- Represent the communications between blocks with named and oriented arrows. For the block an arrow comes from, the arrow is an output. For the block an arrow goes to, the arrow is an input. All these arrows will become ports of the VHDL entity, if they are crossing the large rectangle, or signals of the VHDL architecture.
- Arrows have one single origin but they can have several destinations. Indeed, if an arrow had several origins we would create a VHDL signal with several drivers. This is not completely impossible but requires special care in order to avoid short-circuits. We will thus avoid this for now. If an arrow has several destinations, fork the arrow as many times as needed. Use dots to distinguish connected and non-connected crossings.
- Some arrows come from outside the large rectangle. These are the input ports of the entity. An input arrow cannot also be the output of any of your blocks. This is enforced by the VHDL language: the input ports of an entity can be read but not written. This is again to avoid short-circuits.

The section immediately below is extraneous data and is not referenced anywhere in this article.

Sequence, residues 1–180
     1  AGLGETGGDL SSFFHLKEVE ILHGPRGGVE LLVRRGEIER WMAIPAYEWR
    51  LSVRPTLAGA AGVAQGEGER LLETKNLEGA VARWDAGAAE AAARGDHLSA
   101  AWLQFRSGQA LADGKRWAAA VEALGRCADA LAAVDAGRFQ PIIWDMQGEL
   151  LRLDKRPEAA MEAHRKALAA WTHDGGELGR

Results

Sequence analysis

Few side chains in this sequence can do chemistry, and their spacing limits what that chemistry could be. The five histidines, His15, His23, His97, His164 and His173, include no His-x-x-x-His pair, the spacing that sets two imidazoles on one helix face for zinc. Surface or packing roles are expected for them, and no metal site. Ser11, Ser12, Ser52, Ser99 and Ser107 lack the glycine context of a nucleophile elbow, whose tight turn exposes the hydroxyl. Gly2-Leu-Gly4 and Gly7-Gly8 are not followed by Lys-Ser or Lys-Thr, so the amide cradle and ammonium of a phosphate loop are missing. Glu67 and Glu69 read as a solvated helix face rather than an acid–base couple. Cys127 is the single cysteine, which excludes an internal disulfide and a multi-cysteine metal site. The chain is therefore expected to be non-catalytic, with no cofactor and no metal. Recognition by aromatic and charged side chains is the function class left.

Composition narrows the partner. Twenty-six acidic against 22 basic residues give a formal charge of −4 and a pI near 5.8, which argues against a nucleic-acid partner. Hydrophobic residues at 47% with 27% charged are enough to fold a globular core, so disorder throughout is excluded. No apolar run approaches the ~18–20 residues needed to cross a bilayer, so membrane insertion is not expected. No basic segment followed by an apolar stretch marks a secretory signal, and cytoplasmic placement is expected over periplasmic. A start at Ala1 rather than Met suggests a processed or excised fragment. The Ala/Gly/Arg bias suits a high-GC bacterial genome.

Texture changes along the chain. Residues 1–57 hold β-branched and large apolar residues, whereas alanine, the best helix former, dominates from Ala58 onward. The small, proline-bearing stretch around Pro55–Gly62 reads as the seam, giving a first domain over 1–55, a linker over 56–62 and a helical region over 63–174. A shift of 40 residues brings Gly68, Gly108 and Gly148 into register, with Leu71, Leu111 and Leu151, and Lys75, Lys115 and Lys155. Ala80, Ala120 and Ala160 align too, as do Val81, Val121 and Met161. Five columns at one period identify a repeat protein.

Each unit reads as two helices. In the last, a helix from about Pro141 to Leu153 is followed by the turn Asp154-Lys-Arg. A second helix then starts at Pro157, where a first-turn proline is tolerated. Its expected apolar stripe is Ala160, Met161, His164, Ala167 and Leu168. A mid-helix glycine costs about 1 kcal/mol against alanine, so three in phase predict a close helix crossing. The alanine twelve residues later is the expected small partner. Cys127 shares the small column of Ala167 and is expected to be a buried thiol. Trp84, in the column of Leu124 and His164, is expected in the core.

- Some arrows go outside. These are the output ports. In VHDL versions prior 2008 the output ports of an entity can be written but not read. An output arrow must thus have one single origin and one single destination: the outside. No forks on output arrows, an output arrow cannot be also the input of one of your blocks. If you want to use an output arrow as an input for some of your blocks, insert a new round block to split it in two parts: the internal one, with as many forks as you wish, and the output arrow that comes from the new block and goes outside. The new block will become a simple continuous assignment in VHDL. A kind of transparent renaming. Since VHDL 2008 ouptut ports can also be read.
- All arrows that do not come or go from/to the outside are internal signals. You will declare them all in the VHDL architecture.